In a DDOS attack, resource availability at the service provider is usually the biggest problem, but it can get worse. As it was in this case, the volume can be so great that there is not enough space on the wire (bandwidth) for all the data coming in. There isn’t enough left to use for answers. The service is hosed.
This attack is being perpetrated by what is called a bot net. The participating devices are running compromise software called Mirai. A bot net is a collection of compromised computers being controlled remotely and acting in concert. By some estimates, more than a million devices are compromised in this way. This is the distributed part of the attack. By instructing potentially tens of thousands of devices to do DNS requests at the same time and keep doing them, huge amounts of traffic can be generated.
Who is Behind the Attack
No one knows who is controlling the botnet(s) doing this attack. Some news reports are quoting “authoritative” sources who are giving definitive answers. It doesn’t take a great depth of technical understanding to see that there can’t be a general definitive answer. Anyone who says otherwise is unequivocally wrong. There are sometimes some clues and the dumbest botnet operators get caught. The smarter ones use a chain of compromised computers to issue their orders. You would have to solve every compromise in the chain to lead back to someone. That’s nearly impossible.
Some people have been making the case that attacks like this are state sponsored. That may well be part of a larger picture. The article contains some misinformation, but Bloomberg has some theories and a bit more analysis.
Some security people such as Brian Krebs believe that this problem is just getting started. If you can’t pull up that link, the likely reason is that it is currently under attack.
The outlook for stopping this activity in the short run is bleak. There are simply too many vulnerable devices and the compromise is too easy to pull off. Your local service provider is probably failing to do their part. At Deerfield Hosting we have long had countermeasures in place. We often speak with customers who have, unfortunately, been affected by them.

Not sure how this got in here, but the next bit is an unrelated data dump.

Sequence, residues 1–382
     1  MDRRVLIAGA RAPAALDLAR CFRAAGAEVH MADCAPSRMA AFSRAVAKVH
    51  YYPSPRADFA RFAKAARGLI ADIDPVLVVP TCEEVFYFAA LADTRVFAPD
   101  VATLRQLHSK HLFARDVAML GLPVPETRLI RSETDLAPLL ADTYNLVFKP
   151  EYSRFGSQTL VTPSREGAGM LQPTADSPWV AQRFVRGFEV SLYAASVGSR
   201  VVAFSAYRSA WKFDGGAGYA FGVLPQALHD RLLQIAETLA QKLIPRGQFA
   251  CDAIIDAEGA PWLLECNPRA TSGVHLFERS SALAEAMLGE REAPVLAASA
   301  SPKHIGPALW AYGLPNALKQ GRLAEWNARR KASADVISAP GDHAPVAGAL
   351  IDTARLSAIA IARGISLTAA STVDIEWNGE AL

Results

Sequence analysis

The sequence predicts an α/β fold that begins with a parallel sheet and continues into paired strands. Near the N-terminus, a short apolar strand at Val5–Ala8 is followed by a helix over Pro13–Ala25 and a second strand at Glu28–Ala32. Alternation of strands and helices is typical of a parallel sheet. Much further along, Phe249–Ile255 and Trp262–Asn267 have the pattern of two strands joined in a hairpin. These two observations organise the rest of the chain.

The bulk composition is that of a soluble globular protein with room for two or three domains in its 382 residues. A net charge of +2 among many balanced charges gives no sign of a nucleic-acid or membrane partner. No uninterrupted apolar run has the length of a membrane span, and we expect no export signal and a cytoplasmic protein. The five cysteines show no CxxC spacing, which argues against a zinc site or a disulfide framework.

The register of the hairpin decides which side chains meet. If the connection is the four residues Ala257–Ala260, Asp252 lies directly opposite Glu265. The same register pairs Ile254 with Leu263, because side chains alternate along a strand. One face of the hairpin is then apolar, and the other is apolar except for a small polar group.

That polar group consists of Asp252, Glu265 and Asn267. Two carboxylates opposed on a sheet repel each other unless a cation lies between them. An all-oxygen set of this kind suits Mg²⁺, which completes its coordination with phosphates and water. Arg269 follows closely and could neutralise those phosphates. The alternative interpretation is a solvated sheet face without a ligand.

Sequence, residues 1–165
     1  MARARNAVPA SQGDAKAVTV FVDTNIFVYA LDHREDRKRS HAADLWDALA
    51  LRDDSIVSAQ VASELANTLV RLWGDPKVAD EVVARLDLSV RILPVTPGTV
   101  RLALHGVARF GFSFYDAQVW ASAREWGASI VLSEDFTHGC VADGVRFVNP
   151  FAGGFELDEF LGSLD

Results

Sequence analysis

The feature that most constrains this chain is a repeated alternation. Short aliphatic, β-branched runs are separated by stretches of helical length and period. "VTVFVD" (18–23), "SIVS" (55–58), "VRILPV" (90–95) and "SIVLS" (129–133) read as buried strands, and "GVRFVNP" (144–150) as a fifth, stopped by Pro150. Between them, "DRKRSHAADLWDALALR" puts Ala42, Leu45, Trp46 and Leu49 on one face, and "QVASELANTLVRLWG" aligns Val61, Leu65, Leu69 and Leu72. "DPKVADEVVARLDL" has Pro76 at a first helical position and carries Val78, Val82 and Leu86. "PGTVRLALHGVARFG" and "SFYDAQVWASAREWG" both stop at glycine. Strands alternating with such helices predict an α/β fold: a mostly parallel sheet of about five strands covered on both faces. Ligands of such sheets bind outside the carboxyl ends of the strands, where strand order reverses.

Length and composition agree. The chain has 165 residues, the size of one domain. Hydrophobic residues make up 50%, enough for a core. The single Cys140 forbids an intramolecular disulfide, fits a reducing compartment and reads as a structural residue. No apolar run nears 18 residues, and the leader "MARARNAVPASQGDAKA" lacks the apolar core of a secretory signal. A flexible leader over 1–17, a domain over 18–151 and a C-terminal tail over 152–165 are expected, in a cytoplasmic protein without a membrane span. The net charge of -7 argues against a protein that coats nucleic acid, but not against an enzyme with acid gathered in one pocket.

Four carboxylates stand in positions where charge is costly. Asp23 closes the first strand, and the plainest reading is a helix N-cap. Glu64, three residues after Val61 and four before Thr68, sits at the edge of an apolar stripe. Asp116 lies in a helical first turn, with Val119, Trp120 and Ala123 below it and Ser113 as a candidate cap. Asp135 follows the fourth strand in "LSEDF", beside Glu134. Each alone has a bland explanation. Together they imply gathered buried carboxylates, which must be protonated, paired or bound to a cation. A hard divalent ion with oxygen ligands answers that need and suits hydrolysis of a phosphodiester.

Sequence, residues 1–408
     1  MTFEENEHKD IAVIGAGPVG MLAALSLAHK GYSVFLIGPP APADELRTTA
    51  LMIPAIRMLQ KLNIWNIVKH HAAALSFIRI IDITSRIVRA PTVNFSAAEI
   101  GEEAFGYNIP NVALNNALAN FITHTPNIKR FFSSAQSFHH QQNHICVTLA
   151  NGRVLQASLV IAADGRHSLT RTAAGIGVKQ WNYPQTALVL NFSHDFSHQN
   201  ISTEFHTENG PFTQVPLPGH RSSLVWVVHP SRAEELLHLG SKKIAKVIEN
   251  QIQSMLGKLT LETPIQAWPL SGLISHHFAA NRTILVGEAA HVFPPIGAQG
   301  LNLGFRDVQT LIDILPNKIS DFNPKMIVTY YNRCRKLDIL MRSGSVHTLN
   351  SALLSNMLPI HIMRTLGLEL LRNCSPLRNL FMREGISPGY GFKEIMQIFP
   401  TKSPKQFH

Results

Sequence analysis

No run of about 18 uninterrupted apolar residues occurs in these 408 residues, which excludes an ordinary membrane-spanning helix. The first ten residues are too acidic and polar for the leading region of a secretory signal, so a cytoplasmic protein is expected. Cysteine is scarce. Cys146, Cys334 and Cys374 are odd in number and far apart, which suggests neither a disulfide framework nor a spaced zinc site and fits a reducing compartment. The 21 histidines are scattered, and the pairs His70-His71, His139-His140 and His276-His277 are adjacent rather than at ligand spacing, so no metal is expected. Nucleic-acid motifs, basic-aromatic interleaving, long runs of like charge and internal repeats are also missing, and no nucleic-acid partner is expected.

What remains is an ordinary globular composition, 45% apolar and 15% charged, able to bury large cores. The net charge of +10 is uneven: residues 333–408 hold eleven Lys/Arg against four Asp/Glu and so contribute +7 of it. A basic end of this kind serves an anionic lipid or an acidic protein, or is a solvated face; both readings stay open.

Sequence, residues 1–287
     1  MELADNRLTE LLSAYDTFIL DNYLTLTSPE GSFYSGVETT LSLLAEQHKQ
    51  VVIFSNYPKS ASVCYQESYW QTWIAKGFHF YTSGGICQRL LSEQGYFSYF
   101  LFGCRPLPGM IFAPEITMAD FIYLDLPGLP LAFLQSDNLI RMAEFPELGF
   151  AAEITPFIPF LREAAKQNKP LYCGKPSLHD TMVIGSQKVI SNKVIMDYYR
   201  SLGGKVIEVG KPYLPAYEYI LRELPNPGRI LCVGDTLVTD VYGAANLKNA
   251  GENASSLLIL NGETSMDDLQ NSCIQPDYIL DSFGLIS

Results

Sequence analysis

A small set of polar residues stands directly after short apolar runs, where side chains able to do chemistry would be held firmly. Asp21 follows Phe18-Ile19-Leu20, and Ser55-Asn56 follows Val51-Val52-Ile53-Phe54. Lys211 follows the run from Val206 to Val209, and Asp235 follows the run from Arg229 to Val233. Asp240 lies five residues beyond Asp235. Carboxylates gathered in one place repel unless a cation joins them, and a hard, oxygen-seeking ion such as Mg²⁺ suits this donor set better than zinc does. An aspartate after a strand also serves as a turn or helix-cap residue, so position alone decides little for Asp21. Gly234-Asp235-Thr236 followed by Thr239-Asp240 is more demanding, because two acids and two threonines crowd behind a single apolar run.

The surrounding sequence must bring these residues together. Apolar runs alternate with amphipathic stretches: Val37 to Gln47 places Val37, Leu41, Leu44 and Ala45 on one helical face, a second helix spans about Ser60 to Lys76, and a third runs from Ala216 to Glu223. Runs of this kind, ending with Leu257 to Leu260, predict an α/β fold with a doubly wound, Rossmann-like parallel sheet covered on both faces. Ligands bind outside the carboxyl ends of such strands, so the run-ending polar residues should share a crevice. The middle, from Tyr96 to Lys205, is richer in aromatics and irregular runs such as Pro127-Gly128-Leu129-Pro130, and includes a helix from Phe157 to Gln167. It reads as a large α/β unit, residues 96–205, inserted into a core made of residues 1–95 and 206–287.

If you have a vulnerable device (such as a router or a security camera from Best Buy), complain to the vendor and manufacturer. If you have a device which still has the factory password and you can change it, change it! The Internet is a peer to peer network. That means almost no matter where you think you are, you are everywhere. So are the criminals. They will find it.
It wouldn’t be out of line to complain about the sloppy reporting. Service providers (like Time Warner and Comcast) generally make no effort to block outbound attack traffic, inform customers that they are compromised or help their customers avoid getting compromised in the first place. They should be doing these things. They can afford it. It’s cheap. It wouldn’t be out of line to complain to them that they are not.
The problems are endemic to the entire Internet and need to be addressed broadly. That means all of us.
Expecting someone else to keep us safe is not realistic. It’s no different than not leaving the keys in your car when you’re out shopping. It’s common sense.